• Called Transitive Dependency


Normalization6

Normalization

  • Normalization Cont’d

    • A relation is in 3NF if all the attributes are functionally dependent

      • On the Key

      • On the Whole Key, and

      • On Nothing but the Key

        • (So Help Me Codd)


Functional dependency normalization

Functional Dependency & Normalization

  • How to Normalize Data using Functional Dependencies

    • Definition of Functional Dependency

      • Given a relation R, attribute Y of R is functionally dependent on attribute X of R, if and only if each X value in R has associated with it precisely one Y-value in R (at any one time)


Functional dependency

Functional Dependency

Functional Dependency & Normalization

  • Y of R is Dependent on X of R

  • X functionally determines Y

X

Y


Functional dependency1

Functional Dependency

Functional Dependency & Normalization

  • Example 01


Functional dependency2

Functional Dependency

Functional Dependency & Normalization

  • Example 01

  • Normalization begins with the arrangement of information into tables with rows and columns such that repeating groups of information have been eliminated, that is, the "cells" have data with atomic values. In addition, normalized tables should have some data field(s) which is unique for all rows.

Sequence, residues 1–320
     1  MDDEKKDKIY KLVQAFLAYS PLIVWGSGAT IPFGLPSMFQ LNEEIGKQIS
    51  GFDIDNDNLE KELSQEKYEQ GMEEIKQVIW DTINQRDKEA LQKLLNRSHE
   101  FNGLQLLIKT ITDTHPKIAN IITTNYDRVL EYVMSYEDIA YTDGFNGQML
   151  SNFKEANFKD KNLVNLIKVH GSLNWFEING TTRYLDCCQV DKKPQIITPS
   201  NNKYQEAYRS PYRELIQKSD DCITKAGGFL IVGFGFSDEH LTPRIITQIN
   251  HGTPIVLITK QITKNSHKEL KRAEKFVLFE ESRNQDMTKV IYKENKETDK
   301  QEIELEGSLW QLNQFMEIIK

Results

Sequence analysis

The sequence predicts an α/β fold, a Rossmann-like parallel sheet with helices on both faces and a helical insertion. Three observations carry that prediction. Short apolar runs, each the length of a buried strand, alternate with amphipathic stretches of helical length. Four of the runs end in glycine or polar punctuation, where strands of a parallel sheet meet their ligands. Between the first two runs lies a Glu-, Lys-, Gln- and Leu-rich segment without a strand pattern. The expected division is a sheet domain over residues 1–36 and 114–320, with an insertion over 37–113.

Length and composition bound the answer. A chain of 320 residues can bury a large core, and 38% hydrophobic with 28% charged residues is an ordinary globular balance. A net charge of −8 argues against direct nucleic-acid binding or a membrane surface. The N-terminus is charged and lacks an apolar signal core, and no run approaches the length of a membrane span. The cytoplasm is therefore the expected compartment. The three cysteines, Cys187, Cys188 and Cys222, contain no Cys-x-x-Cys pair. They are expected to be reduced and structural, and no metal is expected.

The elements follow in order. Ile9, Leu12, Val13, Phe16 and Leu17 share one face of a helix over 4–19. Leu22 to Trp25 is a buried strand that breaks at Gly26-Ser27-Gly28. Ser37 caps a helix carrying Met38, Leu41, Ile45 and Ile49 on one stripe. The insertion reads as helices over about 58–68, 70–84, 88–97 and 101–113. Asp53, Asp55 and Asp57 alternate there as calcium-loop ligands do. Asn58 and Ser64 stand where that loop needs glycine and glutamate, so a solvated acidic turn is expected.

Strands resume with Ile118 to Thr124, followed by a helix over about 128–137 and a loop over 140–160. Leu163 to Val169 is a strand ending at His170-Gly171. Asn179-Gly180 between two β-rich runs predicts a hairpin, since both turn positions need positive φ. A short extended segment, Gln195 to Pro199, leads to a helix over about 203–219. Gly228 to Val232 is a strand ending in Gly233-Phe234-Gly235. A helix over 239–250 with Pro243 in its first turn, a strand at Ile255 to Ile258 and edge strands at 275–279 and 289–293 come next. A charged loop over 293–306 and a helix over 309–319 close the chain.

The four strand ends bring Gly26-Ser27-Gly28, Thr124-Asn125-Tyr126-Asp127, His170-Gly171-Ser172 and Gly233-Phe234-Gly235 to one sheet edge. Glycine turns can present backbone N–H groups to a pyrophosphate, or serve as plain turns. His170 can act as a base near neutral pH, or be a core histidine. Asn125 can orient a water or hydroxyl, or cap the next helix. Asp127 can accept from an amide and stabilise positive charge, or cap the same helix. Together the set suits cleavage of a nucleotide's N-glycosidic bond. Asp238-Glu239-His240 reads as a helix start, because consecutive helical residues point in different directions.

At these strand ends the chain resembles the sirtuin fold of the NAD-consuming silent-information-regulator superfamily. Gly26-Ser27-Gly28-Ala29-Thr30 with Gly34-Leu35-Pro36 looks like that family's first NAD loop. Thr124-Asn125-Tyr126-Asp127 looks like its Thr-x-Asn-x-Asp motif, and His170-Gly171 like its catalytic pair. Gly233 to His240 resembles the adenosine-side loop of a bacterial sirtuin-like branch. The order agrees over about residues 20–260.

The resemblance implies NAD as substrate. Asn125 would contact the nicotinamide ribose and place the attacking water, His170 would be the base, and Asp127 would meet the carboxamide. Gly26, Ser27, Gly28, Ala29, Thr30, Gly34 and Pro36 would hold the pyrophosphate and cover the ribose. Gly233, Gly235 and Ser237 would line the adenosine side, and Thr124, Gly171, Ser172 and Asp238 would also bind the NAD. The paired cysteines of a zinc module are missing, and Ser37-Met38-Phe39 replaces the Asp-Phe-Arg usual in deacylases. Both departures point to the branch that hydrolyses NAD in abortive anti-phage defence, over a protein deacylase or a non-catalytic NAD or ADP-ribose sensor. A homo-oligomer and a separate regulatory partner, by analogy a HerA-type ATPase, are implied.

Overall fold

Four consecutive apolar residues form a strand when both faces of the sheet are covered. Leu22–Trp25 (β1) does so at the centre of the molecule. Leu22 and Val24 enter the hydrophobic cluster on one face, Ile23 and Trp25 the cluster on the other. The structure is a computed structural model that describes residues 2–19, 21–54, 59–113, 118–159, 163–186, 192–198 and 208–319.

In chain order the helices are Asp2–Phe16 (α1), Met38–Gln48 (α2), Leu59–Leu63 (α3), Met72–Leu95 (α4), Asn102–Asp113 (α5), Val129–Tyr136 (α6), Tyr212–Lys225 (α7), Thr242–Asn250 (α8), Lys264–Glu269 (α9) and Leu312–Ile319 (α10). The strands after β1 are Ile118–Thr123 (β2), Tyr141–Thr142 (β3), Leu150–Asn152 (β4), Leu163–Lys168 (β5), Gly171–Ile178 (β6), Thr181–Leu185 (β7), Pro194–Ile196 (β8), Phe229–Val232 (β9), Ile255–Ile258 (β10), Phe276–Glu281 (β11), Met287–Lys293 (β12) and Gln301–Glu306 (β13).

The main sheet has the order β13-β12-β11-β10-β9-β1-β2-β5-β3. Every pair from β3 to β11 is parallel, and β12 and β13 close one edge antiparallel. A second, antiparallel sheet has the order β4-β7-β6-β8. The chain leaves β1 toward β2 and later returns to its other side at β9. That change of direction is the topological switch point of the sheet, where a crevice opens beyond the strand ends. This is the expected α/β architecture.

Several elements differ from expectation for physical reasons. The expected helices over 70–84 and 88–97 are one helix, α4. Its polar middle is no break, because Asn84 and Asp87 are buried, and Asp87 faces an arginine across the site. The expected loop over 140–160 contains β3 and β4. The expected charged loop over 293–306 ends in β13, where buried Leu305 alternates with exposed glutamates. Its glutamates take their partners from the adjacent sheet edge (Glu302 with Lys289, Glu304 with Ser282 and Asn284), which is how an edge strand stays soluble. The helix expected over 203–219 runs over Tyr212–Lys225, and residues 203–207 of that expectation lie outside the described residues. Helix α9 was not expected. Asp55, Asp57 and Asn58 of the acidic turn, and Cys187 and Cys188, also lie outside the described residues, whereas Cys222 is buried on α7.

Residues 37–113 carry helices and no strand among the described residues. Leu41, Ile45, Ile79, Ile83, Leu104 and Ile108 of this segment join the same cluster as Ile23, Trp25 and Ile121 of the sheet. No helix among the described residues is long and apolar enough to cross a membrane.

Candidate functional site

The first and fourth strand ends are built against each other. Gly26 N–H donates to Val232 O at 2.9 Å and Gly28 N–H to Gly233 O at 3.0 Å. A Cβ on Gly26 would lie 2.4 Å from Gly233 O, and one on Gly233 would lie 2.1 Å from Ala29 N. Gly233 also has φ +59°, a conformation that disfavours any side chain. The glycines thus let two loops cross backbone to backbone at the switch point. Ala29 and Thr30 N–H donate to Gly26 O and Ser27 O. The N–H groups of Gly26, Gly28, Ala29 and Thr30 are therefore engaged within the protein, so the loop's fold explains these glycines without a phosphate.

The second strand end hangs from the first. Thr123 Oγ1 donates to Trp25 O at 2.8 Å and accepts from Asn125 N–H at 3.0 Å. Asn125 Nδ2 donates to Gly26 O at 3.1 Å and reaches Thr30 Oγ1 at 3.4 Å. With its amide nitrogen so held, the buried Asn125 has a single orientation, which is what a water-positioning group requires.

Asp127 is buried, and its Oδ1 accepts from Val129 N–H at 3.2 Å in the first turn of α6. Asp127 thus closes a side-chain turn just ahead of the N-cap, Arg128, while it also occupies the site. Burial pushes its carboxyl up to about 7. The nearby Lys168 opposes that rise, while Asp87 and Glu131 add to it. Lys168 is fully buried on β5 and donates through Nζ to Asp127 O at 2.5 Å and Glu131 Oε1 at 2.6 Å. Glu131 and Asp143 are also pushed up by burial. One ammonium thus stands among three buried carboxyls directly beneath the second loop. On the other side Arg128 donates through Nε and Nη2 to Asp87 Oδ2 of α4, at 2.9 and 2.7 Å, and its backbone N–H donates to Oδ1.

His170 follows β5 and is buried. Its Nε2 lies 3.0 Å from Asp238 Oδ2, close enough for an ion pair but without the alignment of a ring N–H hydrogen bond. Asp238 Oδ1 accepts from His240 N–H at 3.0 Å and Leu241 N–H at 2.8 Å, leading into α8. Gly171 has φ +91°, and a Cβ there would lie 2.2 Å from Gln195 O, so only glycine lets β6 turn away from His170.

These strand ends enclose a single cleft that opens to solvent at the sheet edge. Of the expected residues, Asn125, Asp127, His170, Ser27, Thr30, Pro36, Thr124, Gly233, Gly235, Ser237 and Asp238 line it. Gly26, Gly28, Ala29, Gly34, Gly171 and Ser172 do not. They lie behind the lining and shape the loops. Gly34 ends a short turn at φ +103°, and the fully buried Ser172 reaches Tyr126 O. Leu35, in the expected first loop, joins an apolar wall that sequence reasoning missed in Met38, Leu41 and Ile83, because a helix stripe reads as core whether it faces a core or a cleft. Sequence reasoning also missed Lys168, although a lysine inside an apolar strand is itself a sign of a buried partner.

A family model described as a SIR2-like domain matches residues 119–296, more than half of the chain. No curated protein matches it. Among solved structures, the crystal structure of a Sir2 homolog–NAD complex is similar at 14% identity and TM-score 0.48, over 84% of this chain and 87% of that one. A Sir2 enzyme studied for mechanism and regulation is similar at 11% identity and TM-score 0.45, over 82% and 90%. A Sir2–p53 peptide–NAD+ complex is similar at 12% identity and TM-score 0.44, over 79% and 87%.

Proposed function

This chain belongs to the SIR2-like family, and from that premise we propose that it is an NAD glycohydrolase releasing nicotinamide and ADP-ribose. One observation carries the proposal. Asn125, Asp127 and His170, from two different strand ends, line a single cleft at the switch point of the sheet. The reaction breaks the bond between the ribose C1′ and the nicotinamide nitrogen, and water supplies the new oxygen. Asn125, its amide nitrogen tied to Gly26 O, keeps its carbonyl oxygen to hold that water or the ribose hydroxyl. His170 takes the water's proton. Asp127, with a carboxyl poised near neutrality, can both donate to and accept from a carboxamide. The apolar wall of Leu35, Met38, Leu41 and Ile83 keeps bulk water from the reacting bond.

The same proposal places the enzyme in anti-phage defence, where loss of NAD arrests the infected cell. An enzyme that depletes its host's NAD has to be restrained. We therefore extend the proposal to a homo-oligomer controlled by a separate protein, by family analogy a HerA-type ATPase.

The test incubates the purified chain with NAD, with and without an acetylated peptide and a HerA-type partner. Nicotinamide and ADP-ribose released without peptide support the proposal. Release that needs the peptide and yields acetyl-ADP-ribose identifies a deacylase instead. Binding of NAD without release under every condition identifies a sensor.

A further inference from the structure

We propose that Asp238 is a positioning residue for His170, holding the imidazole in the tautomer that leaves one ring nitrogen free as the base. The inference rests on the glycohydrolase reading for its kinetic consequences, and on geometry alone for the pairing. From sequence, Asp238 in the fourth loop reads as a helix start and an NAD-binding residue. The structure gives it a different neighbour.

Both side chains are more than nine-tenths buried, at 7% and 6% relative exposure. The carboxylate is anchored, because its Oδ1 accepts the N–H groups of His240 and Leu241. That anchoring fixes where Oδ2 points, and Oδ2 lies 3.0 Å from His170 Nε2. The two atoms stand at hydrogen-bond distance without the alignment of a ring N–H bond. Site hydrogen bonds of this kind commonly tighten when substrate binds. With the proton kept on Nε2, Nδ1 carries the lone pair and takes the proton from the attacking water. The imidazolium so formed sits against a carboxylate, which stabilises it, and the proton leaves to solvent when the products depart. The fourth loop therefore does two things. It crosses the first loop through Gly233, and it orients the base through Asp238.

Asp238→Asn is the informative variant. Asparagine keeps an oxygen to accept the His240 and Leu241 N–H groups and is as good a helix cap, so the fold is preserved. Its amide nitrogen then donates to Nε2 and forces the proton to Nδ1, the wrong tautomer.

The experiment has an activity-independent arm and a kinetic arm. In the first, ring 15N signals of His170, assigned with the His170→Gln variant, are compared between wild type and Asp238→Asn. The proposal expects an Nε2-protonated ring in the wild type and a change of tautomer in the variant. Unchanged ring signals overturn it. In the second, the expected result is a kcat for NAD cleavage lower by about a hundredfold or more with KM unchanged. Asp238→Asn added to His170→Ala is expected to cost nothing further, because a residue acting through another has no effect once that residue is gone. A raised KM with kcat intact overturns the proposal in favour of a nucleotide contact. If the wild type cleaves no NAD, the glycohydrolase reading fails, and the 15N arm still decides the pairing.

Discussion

• In this case, because SMITH has two identical subscriptions, we need to invent a new field, namely SUBSCRIPTION NUMBER, in order to insure uniqueness, i.e. no duplicate rows


Functional dependency3

Functional Dependency

Functional Dependency & Normalization

  • Example 01

  • 1NF – Resulting Table


Functional dependency4

Functional Dependency

Functional Dependency & Normalization

  • Example 01

  • Functional Dependency A central concept of the normalization process is the functional dependency. Simply put, a functional dependency exists between two data fields when for each distinct value of one field, there is only one possible value for the other field.  


Functional dependency5

Functional Dependency

Functional Dependency & Normalization

  • Example 01

  • For example, if we assume that SUBSCRIBER NUMBER is a uniquely assigned number for each subscriber, then there is a functional dependency between SUBSCRIBER NUMBER and NAME. We could say that SUBSCRIBER NUMBER functionally determines NAME or, conversely,that NAME is functionally dependent upon SUBSCRIBER NUMBER.


Functional dependency6

Functional Dependency

Functional Dependency & Normalization

  • Example 01